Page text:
After a decade of controversies and setbacks, the €100million Louvre Abu Dhabi is finally set to open in November of this year. Architect Jean Nouvel’s design is ambitious to say the least. The museum looks like a spaceship hovering over water, and the way light filters through its expansive white dome and punctures the haphazardly-distributed walls is equally otherworldly. From its design to its construction to its purpose, the Louvre Abu Dhabi is fascinating in its entirety.
From accusations of mistreating its workers, to spending 6 years draining the ocean to create the artificial Saadiyat Island, the Louvre Abu Dhabi has encountered more than its fair share of hurdles on its way to completion. It was conservatively estimated, once its construction was announced in 2007, that it would be completed by 2012. This was then revised to 2015, and since then, it has been delayed to 2016, and most recently, to 2017. It is safe to say the 6 years they spent using submersible pumps to drain the water surrounding the site can be held at least partly accountable.
Human rights controversies have plagued the construction of the Louvre Abu Dhabi. A December 2013 report published by the Guardian detailed the experiences of migrant workers on Saadiyat Island, and its tagline of Modern-day slavery in focus speaks for itself. To compound these damning reports, 130 international artists called for a boycott of both the Louvre and its sister project – the Frank Geary designed Guggenheim.
Pritzker Prize-winning architect Jean Nouvel is well-versed in Arabic architecture, having designed the Arab World Institute in Paris – for which he was the recipient of the Aga Khan Award for Architectural Excellence. Poised delicately between sand and sea, the Louvre Abu Dhabi does have distinctively Arabic features. The dome brings to mind mosques and madrasas. The carefully crafted web of geometric openings that are scattered across the dome are reminiscent of the interlaced palm leaves that were the traditional roofing material of choice in the Emirates.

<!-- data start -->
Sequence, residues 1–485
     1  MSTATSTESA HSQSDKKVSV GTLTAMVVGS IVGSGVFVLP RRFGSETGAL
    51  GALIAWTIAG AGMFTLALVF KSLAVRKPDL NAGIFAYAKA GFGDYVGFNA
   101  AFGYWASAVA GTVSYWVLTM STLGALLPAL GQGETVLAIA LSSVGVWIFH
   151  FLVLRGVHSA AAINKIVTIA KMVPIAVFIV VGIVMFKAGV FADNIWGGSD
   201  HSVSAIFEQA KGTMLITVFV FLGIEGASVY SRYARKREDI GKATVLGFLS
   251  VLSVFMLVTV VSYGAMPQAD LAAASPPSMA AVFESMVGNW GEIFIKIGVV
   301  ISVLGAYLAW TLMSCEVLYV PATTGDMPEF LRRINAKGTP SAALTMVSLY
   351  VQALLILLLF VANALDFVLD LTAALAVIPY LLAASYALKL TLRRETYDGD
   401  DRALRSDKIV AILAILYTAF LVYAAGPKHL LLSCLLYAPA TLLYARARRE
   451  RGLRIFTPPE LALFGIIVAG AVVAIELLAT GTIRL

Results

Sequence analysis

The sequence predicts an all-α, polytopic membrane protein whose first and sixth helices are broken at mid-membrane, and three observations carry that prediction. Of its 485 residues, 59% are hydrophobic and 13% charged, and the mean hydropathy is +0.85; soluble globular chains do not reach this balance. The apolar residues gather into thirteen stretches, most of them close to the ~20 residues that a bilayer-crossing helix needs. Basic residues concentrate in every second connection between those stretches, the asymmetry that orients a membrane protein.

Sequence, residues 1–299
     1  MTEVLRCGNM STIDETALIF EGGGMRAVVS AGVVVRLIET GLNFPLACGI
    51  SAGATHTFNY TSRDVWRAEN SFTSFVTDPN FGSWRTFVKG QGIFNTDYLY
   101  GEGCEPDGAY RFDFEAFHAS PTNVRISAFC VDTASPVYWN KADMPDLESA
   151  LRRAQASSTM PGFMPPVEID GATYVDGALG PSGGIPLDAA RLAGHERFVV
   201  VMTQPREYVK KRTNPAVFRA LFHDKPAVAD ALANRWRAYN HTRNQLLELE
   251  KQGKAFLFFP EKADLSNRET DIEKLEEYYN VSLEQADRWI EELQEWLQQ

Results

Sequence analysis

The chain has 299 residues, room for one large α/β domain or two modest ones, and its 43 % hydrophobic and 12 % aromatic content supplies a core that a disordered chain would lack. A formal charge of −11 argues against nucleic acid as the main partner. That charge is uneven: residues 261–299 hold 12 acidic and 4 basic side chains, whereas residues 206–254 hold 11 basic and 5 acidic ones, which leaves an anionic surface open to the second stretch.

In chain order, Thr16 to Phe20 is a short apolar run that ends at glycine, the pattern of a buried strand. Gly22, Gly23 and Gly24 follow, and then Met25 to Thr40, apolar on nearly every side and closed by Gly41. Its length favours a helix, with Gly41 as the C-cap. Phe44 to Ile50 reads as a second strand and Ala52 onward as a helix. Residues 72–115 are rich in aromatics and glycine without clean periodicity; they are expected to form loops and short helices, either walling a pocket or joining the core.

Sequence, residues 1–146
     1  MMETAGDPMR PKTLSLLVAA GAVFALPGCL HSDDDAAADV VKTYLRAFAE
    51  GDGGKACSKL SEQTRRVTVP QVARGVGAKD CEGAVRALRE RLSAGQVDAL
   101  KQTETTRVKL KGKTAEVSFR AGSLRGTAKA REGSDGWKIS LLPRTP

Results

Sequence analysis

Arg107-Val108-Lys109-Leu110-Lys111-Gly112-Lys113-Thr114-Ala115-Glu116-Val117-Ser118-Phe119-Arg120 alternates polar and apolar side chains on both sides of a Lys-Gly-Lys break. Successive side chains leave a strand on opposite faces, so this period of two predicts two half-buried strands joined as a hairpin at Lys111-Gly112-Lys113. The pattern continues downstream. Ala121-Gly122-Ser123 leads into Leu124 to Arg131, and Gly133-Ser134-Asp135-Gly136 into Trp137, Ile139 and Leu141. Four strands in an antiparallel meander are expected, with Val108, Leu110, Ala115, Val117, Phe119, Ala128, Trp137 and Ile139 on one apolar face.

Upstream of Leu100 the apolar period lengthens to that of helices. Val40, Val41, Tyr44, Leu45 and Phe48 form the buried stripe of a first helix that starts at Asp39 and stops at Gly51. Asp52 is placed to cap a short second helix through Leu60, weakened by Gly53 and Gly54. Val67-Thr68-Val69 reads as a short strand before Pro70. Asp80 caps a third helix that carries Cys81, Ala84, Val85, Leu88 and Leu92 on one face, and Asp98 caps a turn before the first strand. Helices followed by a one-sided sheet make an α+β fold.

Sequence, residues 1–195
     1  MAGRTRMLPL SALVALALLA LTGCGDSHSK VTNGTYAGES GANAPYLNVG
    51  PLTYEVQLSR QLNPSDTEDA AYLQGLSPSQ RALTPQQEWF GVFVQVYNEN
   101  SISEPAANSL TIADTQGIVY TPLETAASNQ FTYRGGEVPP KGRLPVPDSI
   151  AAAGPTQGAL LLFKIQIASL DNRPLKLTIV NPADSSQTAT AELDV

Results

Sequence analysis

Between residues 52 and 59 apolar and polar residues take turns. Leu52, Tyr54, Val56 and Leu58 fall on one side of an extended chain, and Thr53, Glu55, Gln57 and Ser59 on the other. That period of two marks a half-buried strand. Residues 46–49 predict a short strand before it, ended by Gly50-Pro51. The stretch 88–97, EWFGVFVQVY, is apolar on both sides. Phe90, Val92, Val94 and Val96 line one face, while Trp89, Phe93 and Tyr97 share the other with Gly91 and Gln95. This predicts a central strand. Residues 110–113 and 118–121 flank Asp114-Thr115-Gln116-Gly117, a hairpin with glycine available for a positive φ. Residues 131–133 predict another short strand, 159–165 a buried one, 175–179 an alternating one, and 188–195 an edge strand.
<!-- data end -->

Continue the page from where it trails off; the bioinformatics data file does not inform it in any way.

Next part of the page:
A great deal of the controversy surrounding the Louvre Abu Dhabi has centred on the art it will display and the nature of its relationship with the Louvre. Over a period of fifteen millions, the cost of art loans, special exhibitions and management advice from the Louvre totals $747 million. The museum is expected to have the privilege of displaying the work of Da Vinci, Matisse and Van Gogh amongst others.
The sale of the Louvre name seems to be the most divisive – Abu Dhabi paid $525 million just for the right to use it. The deal has been followed by accusations of the Louvre behaving like a corporation with a clearly-defined strategy – profit maximisation. French art historian Didier Rykner has led criticism of the deal, and he is backed by a petition protesting that ‘museums are not for sale.’ The petition has been signed by 4650 museum experts, archaeologists and art historians.
All of these trials and tribulations have been endured with a single end goal in mind – making Saadiyat Island live up to its namesake the Island of Happiness. The UAE expects the island to rival the likes of New York and Paris for cultural significance, and the Louvre Abu Dhabi is merely one of eight museums currently being constructed. Whether the others will be surrounded with the same level of controversy, only time will tell.